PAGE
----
February is known to the pan and culture world when intense Panorama rehearsals and competitions are in full swing. But sadly, February 11 marks 22 years since the passing of the late great pride of Arima, Grand Master of Calypso, and prolific composer of tunes described as befitting for pan, Aldwyn “Lord Kitchener” Roberts.
On April 18 will be his 100th birthday and to ensure his legacy’s respected, remains relevant and alive, a team of local and international professionals, entrepreneurs and cultural community activists predominantly from Arima, is planning a one-year commemoration from the birthdate to April 17 of next year, 2023.
The Arima Rebranding Team (ART) is spearheaded by former education curriculum coordinator, international education consultant and community activist, Henry Saunders, with its core representation being Donald Baldeosingh, Thomas Isaac, Dennis Hicks, James Toussaint. In part, the team comprises international professors in education, IT experts, anthropologist and international lawyers.
ART is a bonafide registered not-for-profit NGO, and functions with its signpost: service and humility.
Themed All Things Kitchener–the brainchild of Kendall Reyes–the launch anticipated to be on Kitchener’s birthdate includes in part, an inter-faith service in Arima at 9.00 am, a street parade, and a free, gala, virtual, culturally-mixed tribute featuring top local and international artistes.
The 45th and current Mayor of Arima, Cagney Casimire, expressed elation: “Arima is a powerful and extremely special cultural, historical, educational and tourism-worthy borough. It’s the only Royal Chartered Borough in the western hemisphere, and leads the nation by being the borough with the most single-pan bands.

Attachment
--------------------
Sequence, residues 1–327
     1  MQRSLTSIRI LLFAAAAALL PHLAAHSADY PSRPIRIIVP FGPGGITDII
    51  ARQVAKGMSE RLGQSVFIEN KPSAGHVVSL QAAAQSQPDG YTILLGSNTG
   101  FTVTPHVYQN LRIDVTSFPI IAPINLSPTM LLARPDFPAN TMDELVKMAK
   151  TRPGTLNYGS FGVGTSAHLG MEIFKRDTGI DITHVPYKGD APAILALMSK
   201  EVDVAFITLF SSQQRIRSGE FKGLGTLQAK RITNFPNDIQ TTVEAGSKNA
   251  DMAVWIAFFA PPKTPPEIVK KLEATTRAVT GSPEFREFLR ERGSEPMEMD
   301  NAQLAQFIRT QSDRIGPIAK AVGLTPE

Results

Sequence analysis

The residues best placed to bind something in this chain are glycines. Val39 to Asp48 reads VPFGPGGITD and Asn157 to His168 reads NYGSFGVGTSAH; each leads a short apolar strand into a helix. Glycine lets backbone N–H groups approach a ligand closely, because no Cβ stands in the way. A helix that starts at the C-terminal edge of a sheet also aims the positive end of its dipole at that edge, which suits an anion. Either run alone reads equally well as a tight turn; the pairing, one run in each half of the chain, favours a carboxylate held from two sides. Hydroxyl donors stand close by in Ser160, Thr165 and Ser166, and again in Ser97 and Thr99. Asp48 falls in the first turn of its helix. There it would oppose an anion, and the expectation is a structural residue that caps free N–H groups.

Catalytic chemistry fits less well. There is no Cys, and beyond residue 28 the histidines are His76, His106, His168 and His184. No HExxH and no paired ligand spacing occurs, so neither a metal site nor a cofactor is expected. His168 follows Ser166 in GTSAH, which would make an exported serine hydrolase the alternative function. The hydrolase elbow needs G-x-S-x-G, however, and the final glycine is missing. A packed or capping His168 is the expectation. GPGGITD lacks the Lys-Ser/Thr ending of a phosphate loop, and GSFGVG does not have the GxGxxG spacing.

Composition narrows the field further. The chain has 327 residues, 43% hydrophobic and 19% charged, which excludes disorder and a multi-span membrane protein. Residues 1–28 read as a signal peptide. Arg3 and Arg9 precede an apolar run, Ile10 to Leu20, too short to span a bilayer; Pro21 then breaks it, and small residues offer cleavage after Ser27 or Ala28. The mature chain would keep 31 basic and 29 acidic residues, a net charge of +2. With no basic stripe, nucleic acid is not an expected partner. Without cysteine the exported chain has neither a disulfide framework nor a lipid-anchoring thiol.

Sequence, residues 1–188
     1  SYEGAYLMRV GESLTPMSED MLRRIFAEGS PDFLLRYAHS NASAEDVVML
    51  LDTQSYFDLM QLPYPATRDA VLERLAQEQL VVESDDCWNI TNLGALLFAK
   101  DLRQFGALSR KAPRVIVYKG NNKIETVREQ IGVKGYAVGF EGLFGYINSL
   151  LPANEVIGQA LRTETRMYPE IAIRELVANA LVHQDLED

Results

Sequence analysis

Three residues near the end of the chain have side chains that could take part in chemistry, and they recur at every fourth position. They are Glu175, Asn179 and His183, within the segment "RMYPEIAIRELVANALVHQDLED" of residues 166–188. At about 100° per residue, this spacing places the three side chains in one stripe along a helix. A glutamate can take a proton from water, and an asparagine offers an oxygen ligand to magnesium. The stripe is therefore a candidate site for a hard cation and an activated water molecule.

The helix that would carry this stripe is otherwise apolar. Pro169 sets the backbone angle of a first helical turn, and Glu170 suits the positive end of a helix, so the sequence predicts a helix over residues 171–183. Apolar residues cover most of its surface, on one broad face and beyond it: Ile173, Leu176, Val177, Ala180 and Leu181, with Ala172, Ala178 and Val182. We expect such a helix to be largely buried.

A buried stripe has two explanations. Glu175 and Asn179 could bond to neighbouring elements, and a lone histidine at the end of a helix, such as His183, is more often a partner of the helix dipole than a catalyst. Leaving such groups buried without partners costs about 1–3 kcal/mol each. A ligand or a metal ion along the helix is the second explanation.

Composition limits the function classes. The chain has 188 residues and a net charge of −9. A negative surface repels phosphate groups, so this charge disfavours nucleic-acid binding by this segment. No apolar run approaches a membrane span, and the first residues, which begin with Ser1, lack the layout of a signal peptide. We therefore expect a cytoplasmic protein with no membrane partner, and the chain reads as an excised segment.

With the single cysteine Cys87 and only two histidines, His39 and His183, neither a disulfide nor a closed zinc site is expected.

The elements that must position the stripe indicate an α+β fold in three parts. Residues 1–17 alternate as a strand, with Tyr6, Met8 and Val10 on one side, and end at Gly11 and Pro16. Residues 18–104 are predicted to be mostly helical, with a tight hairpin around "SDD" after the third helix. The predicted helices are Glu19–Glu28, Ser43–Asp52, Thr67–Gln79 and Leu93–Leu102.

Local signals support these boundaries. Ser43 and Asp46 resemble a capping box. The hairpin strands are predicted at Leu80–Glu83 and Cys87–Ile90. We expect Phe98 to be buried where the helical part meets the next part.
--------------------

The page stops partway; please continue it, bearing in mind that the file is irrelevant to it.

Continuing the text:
“I fully endorse the team’s initiative, and I’m proud that the event is going to be executed, with two of the key aspects being the re-naming of a major street in Kitchener’s name, and a Kitchener Park,” stated Casimire.
To ensure a successful solid celebration, Saunders said he tapped on the shoulders of a robust and diverse range of organisations, and owing to the intense need for funds, he’s anticipating co-operation from the business community to be a part of this one-of-a-kind auspicious occasion.
“We are looking forward to their partnership to ensure our concerts and varied competitions are executed successfully.
“Some events are self-sustaining, and are being planned in collaboration with national cultural organisations.”
A 100-page All Things Kitchener collector’s item magazine depicting the life and music of the Grand Master is an element of the commemoration.
Some activities identified for the year “that require major collaborative and financial support are, a Kitchener cultural caravan; talks, media events on Kitchener, exhibitions and symposiums; visual and performing arts (VAPA) competitions, training and development projects; a monumental space for Arima icons; a Kitchener artefacts museum…; embellishment of Kitchener’s grave towards becoming a historical site; and a Kitchener Culinary Creations.”
Kitchener is a calypso icon non-surpass from the inception of his entrance in the arena, noted for his impeccable wardrobe, his signature hats, his dance on one foot while kicking out the other during performances, and his tunes being played the most times during Panorama competitions.
Rain-o-Rama, located at his family’s home on the Diego Martin Main Road, remains an illustrious tourist attraction.
While many steelbands played Kitch’s tunes for Panorama, hand in glove with his music was bp Renegades steel orchestra (RSO).
RSO remains the unbeaten large-band hat-trick champion since 1997, having played Kitchener’s Four Lara Four in 1995, Pan in a Rage, 1996 and Guitar Pan, 1997.
Saunders said he is making a special appeal to government ministries, and the corporate and business sectors to assist in the best interest of T&T, culture and the performing arts, and most of all, to preserve Kitch’s legacy.
To assist and/or for further information:
Call or message: 780.7921 |
Email: [email protected]